Sunday, October 22, 2017
Catherine Rampell | September 18 | A chilling study shows how hostile college students are toward free speech
Here's the problem with suggesting that upsetting speech warrants "safe spaces," or otherwise conflating mere words with physical assault: If speech is violence, then violence becomes a justifiable response to speech.
Just ask college students. A fifth of undergrads now say it's acceptable to use physical force to silence a speaker who makes "offensive and hurtful statements."
That's one finding from a disturbing new survey of students conducted by John Villasenor, a Brookings Institution senior fellow and University of California at Los Angeles professor.
Many of Villasenor's questions were designed to gauge students' understanding of the First Amendment. Colleges, after all, pay a lot of lip service to "freedom of speech," despite high-profile examples of civil-liberty-squelching on campus.
The survey suggests that this might not be due to hypocrisy so much as a misunderstanding of what the First Amendment actually entails.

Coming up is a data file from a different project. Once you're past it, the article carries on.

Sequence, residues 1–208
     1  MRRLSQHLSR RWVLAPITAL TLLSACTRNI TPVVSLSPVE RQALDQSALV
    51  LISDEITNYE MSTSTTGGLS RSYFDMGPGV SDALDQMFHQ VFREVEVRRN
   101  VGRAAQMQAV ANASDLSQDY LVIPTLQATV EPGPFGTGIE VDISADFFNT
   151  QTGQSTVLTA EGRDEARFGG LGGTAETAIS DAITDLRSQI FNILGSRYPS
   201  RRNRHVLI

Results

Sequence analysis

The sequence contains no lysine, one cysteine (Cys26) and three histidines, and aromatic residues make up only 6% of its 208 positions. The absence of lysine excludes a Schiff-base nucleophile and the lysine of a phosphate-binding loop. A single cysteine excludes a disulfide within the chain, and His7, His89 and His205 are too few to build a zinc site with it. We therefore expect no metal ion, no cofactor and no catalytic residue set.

For example, when students were asked whether the First Amendment protects "hate speech," 4 in 10 said no. This is, of course, incorrect. Speech promoting hatred -- or at least, speech perceived as promoting hatred -- may be abhorrent, but it is nonetheless constitutionally protected. There were no statistically significant differences in response to this question based on political affiliation.
The most chilling findings, however, involved how students think repugnant speech should be dealt with.
Astonishingly, half said that snuffing out upsetting speech -- rather than, presumably, rebutting or even ignoring it -- would be appropriate.
Democrats were more likely than Republicans to find this response acceptable (62 percent to 39 percent), and men were more likely than women (57 percent to 47 percent). Even so, sizable shares of all groups agreed.
Colleges provide a crucible for America's increasingly strained attitudes toward free discourse. But they are just the canaries in the coal mine.
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